Hello again! Welcome to the longest tutorial you may ever read! Today, I'm going to share with you my experience installing board and batten in our dining room. In previous posts you will see my dining room dawned wainscoting. This was original to the home and poorly installed, causing it to be an eyesore. I slapped a few coats of white paint on to spruce it up immediately upon moving in, but I just couldn't wait for it to go away. The panels were so poorly installed that it only took 15 minutes to remove entirely from the room (thank the lord)! Thankfully, all I found beneath was hideous yellow paint (could have been much worse...).
Let's take a walk down memory lane and see how far the dining room has come since moving in in May 2014...
I knew I needed board and batten in my life, but wasn't sure how to execute it, so I spent a few days devising a perfect, money saving plan. Let me give you a glimps into how my brain works. If none of this makes sense, I apologize.
To make measuring the distance between battens easier, you can cut yourself a piece of MDF the width of the desired gap and use it as a guide as pictured above. Just be sure you are still using a level. My desired batten distance was the ballpark of 10". I did the math per wall length and came up with a number as close to 10" as I could get. Each wall distance number varied, but without busting out a measuring tape you would never know each walls distance was off by centimeters. You can see in the above photos that I ran into my next dilemma of an electrical outlet being right where I needed to place a vertical batten. I'll address this issue later on in this post.
Next, let's talk about corners. Here is how I addressed my corners. You could surely add the width of the MDF to one of the boards and no longer have a gap, but I wanted to keep the board cutting for the Home Depot employees simple. Obviously, once I nailed on my top molding, you would not see a gap in the corner. Simple enough, right? Level, level, level everything! Gaps were made for caulking :)
Next, let's talk about areas that may be less distance than your desired batten distance. Here you can see the remainder of the kitchen wall that I could have left bare, but that's not how I roll. It's part of the same wall and needed battens to look finished and professional.
Here is how I did the remainder of the dining room area. I applied bottom then top battens. Level, level, level those battens! This allowed for me to nail my vertical battens tight with the top batten and leave gaps at the joining of the bottom batten, making them much less obvious.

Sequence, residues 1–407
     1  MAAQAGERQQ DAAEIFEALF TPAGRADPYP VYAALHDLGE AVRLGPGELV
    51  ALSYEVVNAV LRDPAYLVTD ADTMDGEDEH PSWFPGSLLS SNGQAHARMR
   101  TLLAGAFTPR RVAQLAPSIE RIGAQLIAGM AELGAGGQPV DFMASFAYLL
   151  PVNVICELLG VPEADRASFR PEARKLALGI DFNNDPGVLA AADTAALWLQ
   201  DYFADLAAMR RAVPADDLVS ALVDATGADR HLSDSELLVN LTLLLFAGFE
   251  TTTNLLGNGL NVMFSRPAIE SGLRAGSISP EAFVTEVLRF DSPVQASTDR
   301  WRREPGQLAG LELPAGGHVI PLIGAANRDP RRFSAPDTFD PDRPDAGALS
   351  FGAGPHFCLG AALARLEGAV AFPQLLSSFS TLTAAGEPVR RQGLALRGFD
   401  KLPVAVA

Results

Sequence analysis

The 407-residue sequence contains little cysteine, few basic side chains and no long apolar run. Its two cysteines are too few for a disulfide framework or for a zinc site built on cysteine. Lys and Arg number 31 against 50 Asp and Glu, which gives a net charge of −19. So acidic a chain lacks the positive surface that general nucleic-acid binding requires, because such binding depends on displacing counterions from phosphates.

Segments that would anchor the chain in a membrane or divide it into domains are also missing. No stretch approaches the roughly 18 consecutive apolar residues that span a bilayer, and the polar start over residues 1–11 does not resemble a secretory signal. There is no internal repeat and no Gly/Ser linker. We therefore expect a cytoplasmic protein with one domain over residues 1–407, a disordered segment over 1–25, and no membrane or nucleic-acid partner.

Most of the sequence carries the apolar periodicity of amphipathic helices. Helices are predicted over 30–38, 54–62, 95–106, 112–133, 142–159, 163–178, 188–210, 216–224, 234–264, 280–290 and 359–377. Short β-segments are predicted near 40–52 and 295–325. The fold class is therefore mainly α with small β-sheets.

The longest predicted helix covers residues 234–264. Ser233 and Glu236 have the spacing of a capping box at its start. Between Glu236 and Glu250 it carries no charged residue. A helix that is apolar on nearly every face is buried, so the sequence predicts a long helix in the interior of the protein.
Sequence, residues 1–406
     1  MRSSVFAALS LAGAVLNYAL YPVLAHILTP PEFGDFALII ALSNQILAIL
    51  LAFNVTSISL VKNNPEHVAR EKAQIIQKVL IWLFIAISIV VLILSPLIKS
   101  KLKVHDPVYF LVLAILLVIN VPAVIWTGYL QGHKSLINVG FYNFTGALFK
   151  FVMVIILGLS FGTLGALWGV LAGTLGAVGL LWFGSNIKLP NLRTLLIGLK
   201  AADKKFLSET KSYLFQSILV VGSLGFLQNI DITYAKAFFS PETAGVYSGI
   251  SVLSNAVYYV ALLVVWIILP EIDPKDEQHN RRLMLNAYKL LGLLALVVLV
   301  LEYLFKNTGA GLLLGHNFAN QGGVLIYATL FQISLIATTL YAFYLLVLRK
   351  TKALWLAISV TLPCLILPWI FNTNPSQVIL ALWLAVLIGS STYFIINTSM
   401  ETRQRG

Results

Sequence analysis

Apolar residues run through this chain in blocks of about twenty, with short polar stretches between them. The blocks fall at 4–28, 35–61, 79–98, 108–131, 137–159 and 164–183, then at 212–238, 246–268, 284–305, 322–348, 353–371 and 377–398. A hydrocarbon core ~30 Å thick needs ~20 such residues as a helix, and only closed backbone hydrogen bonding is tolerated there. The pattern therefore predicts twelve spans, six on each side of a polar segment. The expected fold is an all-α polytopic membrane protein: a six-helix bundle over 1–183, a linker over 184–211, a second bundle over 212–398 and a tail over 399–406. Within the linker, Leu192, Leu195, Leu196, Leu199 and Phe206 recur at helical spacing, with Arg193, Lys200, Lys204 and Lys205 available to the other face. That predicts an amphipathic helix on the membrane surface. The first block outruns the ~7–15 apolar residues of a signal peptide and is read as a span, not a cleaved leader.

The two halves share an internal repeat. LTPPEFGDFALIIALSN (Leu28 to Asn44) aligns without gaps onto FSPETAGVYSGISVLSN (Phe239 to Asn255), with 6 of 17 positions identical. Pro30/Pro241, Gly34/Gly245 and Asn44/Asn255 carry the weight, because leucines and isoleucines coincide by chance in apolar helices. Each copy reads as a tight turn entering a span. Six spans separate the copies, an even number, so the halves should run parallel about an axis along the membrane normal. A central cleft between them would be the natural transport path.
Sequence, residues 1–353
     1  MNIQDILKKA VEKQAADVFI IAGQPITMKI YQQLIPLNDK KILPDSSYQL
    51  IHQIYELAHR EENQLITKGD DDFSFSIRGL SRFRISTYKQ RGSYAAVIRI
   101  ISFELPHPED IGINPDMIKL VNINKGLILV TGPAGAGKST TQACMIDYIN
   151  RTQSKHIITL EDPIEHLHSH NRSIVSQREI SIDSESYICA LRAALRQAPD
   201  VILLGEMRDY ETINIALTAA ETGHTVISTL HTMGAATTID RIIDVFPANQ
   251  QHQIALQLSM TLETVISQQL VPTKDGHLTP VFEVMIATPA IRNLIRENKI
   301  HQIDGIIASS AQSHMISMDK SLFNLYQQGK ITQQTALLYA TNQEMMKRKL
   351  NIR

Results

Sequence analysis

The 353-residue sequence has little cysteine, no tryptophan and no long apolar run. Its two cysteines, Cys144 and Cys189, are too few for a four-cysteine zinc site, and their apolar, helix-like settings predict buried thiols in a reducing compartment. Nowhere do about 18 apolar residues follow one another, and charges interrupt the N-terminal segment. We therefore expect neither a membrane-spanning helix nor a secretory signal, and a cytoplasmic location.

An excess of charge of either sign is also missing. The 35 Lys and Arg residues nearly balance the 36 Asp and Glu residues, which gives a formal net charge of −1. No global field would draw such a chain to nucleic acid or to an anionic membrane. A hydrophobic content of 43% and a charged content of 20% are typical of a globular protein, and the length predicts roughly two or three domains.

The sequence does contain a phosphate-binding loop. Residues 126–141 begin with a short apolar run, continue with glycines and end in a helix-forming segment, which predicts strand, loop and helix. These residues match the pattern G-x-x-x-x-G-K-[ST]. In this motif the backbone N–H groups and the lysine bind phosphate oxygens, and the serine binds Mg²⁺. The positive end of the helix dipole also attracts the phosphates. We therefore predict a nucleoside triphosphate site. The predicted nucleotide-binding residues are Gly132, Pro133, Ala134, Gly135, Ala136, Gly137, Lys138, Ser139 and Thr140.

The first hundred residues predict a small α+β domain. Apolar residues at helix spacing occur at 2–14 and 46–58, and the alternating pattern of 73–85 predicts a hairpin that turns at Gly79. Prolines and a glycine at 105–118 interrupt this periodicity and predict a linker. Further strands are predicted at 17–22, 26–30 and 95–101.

And yet again, ran into a light switch right were I needed to put a batten. This was a little challenging I must say so myself. I could have taken the easy route and just stopped the batten right at the light switch, but that doesn't look professional. Be sure when you are dealing with electrical outlets to have your power off. I'm not going to give a full tutorial on this process, but rather link you the tutorial I followed here.
In the process, I had to bust out my electrical skills to replace a light switch that blew. I'm sure it was original to the house and it was only a matter of time before it needed replaced. Power off your house when doing something like a switch replacement!
Next, it's time to decide if you want to add any detail to the top of your board and batten. There are numerous variations and it is all personal preference. I chose to add a simple molding to the top, securing it using the nail gun. Once you have completed this process on all desired walls, it's time to caulk, prime and paint. This happens to be the most time consuming part. It's important to sand down any rough edges prior to painting.
DAP Alex fast dry caulking is my go to caulk. I use it for all indoor projects and it is very paintable. Be sure you do not skip the priming step even if your paint has a built in primer. It is important to seal MDF as it is very porous as I mentioned before. The more layers you can get on, the more resistant your MDF becomes. Be sure to use an oil based primer if you are using oil based paint and vice versa. Behr Ultra Premium is the only paint I use. It provides such good coverage. The paint colors I chose are Polar Bear (white) and Cathedral Gray in Satin. A little trick I use when caulking is using a metal putty knife in 90 degree areas. Using your finger to smooth 90 degree areas tends to leave the area looking rounded or concaved verses a sharp clean 90 degree.
I hope that you have found this tutorial informative! If there is anything I forgot to mention, please do not hesitate to ask! And congratulations for making it through such a long post!
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